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February 22, 2010

A Better Plastic?
If you've been watching the Olympics, you might have seen an ad for Sun Chips that features its "compostable bag." The plastic in the bag is derived from GMO corn and made by Cargill. The ad neglects to mention those inconvenient truths, though it does claim that its bag will break down in home compost "under ideal conditions."

Even worse, with the possible exception of the Sun Chips bag, corn plastic generally will not break down in home compost, even under ideal conditions -- it's only compostable in "industrial-scale" composting systems. So for those of you who live in San Francisco, which actually has municipal composting, that's all well and good, I guess. But for the rest of us, this stuff is still plain, old [genetically engineered] garbage.

But now researchers in the UK may have just fixed all that:
Scientists at Imperial College London are working on bioplastic packaging - made from trees and grass - that can break down in home composting bins.

The polymer developed by the scientists is made from sugars that come from the breakdown of fast-growing trees and grasses, or agricultural and food waste.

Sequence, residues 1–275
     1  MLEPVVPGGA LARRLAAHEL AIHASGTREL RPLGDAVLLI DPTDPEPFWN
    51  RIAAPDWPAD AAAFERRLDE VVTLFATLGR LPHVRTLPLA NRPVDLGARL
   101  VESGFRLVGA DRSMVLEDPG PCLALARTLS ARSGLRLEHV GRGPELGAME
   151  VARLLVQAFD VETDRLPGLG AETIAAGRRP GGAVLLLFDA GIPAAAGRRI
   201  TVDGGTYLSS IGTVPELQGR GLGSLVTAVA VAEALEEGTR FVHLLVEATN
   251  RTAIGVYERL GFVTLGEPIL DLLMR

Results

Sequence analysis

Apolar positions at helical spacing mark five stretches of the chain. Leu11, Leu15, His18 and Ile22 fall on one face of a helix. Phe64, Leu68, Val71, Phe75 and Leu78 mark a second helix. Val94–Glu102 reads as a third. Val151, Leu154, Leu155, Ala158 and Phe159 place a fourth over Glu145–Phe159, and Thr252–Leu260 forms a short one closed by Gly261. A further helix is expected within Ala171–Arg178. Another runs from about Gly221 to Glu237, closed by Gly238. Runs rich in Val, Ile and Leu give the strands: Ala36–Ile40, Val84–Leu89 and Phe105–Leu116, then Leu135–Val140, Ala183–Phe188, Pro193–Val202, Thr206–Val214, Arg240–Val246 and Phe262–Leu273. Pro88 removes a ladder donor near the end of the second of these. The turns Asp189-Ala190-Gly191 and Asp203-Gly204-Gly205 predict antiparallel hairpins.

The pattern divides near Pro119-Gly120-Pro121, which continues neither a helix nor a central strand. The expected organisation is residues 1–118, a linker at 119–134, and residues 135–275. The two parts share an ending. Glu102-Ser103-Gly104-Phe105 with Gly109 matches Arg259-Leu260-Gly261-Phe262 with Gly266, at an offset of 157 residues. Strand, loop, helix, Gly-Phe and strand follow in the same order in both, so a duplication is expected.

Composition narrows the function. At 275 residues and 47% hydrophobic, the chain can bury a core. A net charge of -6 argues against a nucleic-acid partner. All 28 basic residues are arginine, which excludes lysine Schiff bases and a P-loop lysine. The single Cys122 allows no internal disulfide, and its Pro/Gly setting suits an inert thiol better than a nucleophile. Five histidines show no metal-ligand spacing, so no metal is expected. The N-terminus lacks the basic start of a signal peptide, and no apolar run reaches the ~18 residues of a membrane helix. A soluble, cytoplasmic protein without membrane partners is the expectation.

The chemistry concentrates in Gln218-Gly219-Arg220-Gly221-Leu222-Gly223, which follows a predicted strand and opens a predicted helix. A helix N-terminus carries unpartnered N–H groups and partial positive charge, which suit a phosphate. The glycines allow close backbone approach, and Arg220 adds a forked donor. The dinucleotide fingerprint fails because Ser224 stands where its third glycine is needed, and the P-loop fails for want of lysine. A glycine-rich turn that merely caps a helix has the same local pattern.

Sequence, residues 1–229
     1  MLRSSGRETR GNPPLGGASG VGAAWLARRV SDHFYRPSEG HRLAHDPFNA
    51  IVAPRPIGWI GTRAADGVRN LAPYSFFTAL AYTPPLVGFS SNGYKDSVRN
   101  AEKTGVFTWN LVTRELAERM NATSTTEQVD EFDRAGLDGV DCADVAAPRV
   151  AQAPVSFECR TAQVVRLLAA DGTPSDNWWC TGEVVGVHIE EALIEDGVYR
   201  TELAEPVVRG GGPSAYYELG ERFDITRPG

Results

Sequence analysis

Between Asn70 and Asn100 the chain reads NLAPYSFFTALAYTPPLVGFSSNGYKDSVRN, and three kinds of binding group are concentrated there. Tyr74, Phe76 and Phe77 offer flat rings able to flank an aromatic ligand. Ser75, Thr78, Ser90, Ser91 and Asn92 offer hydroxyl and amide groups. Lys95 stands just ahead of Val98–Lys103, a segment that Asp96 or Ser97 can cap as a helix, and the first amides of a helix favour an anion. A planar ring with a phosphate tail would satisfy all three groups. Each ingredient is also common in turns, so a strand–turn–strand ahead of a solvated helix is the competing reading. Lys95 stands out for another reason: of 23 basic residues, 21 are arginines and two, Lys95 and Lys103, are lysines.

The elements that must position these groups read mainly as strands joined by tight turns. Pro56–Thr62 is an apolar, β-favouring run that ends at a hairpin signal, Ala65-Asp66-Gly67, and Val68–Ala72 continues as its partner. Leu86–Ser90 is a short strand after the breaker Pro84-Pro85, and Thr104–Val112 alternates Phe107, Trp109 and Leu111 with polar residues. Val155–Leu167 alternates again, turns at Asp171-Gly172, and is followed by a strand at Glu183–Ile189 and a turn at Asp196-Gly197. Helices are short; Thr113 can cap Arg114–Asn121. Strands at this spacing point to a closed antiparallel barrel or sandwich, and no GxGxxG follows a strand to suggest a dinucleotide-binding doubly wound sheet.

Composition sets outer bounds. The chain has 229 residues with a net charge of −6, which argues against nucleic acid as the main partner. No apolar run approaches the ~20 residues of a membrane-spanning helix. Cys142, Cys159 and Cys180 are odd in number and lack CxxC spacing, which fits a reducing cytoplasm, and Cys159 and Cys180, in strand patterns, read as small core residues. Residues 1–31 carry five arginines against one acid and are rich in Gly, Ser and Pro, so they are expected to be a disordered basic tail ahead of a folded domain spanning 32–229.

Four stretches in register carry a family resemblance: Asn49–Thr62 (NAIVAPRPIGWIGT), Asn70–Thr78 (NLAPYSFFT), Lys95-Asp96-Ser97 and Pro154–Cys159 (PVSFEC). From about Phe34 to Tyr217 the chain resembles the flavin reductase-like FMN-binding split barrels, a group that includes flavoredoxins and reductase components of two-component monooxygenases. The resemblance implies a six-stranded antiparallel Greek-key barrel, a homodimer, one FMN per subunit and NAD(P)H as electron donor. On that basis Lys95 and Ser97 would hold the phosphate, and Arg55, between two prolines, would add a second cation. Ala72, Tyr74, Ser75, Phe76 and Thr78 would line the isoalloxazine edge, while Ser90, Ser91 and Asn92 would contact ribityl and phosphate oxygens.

The scientists from the Engineering and Physical Sciences Research Council purposely focused on non-food crops - many common bioplastics come from corn or sugar cane waste - and using low-energy and low-water processes.
Very cool. Keep an eye on this stuff. It could really be the packaging of the future.

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OpenID localnourishment said...

Keep an eye on it, indeed. A very close eye. There are some packaging products about to come down the pike that use nanotechnology, yet another untested, unknown tech, much like GMOs. Nanotech products hope to fly in under the radar now that GMOs have paved the way.

Anonymous Captain Vector said...

Anything that can be made from sugars will eventually be made from corn sugars, as corn is the most efficient producer of sugar per unit area per unit time. Fast-growing trees and grasses will be plowed under for more and more and more corn... until they GM-up some sweet, sugar-producing plankton or something.

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